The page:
NEW YORK (Reuters) - Market focus will shift from macro to micro next week, and investors betting on gains in stocks will hope coming earnings reports will be somewhat stronger than recent disappointing economic figures.
Earnings expectations have been falling sharply in the past weeks, with the most recent estimate showing a 2.8 percent decline in earnings growth, squeezed by dwindling expectations for the energy sector. The concern about economic growth will increase following Friday’s weaker-than-expected data on jobs growth.
Energy companies’ earnings are now expected to fall nearly 64 percent year-on-year. Investors saw the sector drop 3.6 percent in the first quarter, bringing the nine-month decline to 22 percent.
Market bulls say softening economic data, including U.S. private sector jobs, factory activity and consumer spending, have weighed on stocks lately. While weak figures keep the Federal Reserve from raising rates - a positive for markets - the negative factors are a concern, said Daniel Morris, global investment strategist at TIAA-CREF in New York.
“We view this payroll number as more negative than positive for U.S. equities,” he said.
The effect of the strong U.S. dollar on offshore operations and creeping inflation, in the form of higher labor costs, have also taken a toll, one that some strategists think is too pronounced. In Friday’s abbreviated trading session, equity futures fell about 1 percent.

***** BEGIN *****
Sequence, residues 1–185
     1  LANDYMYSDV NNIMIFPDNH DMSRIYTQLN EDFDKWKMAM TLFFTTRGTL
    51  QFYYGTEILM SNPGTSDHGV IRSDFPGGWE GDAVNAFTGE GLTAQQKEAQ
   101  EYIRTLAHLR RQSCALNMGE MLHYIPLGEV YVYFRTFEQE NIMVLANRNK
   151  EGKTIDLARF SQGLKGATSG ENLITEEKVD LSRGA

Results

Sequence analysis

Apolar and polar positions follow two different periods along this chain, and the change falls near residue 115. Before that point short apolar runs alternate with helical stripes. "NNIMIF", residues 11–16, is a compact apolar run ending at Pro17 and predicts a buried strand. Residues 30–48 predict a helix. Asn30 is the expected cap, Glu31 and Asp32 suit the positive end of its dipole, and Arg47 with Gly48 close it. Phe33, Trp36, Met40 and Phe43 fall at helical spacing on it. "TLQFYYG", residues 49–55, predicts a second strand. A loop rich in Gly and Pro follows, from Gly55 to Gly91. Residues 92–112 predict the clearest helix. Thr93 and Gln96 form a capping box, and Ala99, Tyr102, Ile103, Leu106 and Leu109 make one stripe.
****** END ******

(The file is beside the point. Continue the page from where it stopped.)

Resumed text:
“My guess is we’ve overdone it in terms of concern,” said Art Hogan, chief market strategist at Wunderlich Securities in New York. “We always price in the bad news first.”
He said that both energy companies pummeled by concern about the sharp drop in oil prices and multinationals suffering from the impact of a stronger dollar might actually be set for positive surprises.
“In terms of knee-jerk reaction, surprises are going to come from where we slashed estimates the most.”
Despite the rising concern about the earnings season and the weaker data, stocks showed resilience to start the year. This past week the S&P 500 closed its ninth consecutive quarterly gain, even if it was a meager 0.4 percent rise.
“Estimates are down and the market has already absorbed that,” said Quincy Krosby, market strategist at Prudential Financial in Newark, New Jersey.
“All you need is some positive surprises for shorts to have to cover,” she said, speaking of investors who borrow a stock to sell it, betting on a price decline. “Positive guidance can change the tone of the market quite rapidly.”
Chipmaker Micron set a negative early tone on Wednesday, forecasting lower revenue for the current quarter on waning customer demand.
More than 80 percent of the earnings pre-announcements this season were negative, according to Thomson Reuters data, setting the bar lower than is usually the case toward the start of earnings season.
In a typical quarter, about 63 percent of companies beat estimates and just above 20 percent miss.
But the negativity has set the bar so low, it may have set the stage for a bounceback.
“The market has been trying to price in what has been a lot of bad news in the economic data stream and (expected) bad news in the earnings season,” Wunderlich’s Hogan said.
“We may well have underestimated the positives.”
Reporting by Rodrigo Campos; additional reporting by Daniel Bases; Editing by Christian Plumb and Dan Grebler